Dictionary of National Biography, 1885-1900/Culen
CULEN or COLIN, son of Indulph, king of Scotland or Alba (967–71?), was an unimportant king of the united Scotch Pictish monarchy, whose capital was Scone. His father, Indulph, was the first king who occupied Edinburgh, up to that time within Anglian Northumbria. On the death of Indulph in a conflict with the Norwegians at Invercaliss, according to the later chroniclers, or, as Mr. Skene conjectures, Indulph having, like his father Constantine, resigned the crown and become a monk (Celtic Scotland, i. 366), Dubh, the son of Malcolm, succeeded by the law of tanistry, but his succession was disputed by Culen. In 965 Culen was defeated at Duncrub in Strathearn by Dubh, with the aid of the lay abbot of Dunkeld and the governor of Athol. But two years later Dubh was defeated and slain, perhaps at Kinloss, near Forres, and Culen acquired his father's throne. The only event recorded in his uneventful reign is the close of it by his death, along with his brother Eocha, at the hands of the Britons, which is placed both by the ‘Pictish Chronicle’ and the ‘Annals of Ulster’ in 971.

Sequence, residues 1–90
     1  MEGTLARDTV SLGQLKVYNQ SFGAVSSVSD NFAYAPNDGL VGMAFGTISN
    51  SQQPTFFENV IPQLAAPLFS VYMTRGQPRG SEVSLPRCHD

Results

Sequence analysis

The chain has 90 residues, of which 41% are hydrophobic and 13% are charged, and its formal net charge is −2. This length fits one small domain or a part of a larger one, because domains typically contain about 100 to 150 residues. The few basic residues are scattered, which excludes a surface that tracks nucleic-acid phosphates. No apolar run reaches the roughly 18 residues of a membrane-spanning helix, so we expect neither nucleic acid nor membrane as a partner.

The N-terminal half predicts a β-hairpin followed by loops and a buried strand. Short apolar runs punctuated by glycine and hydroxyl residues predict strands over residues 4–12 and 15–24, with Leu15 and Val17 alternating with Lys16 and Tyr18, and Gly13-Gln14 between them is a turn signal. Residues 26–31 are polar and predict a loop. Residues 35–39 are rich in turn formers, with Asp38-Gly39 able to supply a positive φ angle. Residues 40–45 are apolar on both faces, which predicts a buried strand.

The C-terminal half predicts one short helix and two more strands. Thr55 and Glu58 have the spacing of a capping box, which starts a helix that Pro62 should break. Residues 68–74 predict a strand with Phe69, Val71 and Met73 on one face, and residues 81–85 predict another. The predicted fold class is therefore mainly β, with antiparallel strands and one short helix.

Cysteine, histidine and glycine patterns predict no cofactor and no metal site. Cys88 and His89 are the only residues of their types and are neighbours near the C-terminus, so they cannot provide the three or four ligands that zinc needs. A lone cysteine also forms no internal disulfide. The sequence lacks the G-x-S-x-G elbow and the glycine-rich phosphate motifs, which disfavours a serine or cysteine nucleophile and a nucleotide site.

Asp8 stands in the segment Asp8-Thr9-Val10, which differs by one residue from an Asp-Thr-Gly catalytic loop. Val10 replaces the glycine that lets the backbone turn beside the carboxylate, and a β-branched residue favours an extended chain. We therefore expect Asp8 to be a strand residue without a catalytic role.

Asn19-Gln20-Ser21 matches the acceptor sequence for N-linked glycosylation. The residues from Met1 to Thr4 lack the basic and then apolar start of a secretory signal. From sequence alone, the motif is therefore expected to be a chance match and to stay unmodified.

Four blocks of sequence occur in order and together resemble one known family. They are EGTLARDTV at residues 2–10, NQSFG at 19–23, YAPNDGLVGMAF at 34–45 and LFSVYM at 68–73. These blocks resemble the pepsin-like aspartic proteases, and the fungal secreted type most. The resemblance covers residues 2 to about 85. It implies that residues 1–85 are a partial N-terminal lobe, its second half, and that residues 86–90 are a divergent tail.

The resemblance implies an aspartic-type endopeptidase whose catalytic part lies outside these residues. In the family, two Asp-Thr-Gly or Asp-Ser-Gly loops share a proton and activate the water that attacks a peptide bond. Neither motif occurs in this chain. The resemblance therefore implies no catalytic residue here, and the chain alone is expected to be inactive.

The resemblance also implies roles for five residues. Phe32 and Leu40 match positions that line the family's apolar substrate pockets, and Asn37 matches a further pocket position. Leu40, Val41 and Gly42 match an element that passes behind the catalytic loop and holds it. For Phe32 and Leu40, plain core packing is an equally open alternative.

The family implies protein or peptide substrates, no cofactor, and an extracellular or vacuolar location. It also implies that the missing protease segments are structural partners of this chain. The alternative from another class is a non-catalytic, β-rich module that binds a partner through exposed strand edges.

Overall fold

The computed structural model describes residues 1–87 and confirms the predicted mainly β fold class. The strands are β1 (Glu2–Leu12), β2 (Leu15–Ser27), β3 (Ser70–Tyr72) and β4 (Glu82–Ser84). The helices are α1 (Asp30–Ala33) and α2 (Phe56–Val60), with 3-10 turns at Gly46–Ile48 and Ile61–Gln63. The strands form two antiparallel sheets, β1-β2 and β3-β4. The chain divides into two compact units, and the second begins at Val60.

[Robertson's Scotland under her Early Kings; Skene's Celtic Scotland.]